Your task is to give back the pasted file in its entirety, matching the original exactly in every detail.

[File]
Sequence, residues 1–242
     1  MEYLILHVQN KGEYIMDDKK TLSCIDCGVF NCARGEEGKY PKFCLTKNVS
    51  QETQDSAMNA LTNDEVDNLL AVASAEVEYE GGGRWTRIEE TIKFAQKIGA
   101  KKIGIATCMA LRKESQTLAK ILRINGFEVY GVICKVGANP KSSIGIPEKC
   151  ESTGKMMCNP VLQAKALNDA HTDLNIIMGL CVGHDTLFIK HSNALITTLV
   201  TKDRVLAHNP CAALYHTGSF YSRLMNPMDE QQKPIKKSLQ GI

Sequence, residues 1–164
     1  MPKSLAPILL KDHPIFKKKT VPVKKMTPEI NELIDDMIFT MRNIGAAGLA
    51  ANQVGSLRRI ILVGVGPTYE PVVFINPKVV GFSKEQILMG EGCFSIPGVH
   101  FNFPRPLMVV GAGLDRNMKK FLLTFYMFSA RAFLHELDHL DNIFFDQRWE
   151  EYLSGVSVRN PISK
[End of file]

Sequence, residues 1–242
     1  MEYLILHVQN KGEYIMDDKK TLSCIDCGVF NCARGEEGKY PKFCLTKNVS
    51  QETQDSAMNA LTNDEVDNLL AVASAEVEYE GGGRWTRIEE TIKFAQKIGA
   101  KKIGIATCMA LRKESQTLAK ILRINGFEVY GVICKVGANP KSSIGIPEKC
   151  ESTGKMMCNP VLQAKALNDA HTDLNIIMGL CVGHDTLFIK HSNALITTLV
   201  TKDRVLAHNP CAALYHTGSF YSRLMNPMDE QQKPIKKSLQ GI

Sequence, residues 1–164
     1  MPKSLAPILL KDHPIFKKKT VPVKKMTPEI NELIDDMIFT MRNIGAAGLA
    51  ANQVGSLRRI ILVGVGPTYE PVVFINPKVV GFSKEQILMG EGCFSIPGVH
   101  FNFPRPLMVV GAGLDRNMKK FLLTFYMFSA RAFLHELDHL DNIFFDQRWE
   151  EYLSGVSVRN PISK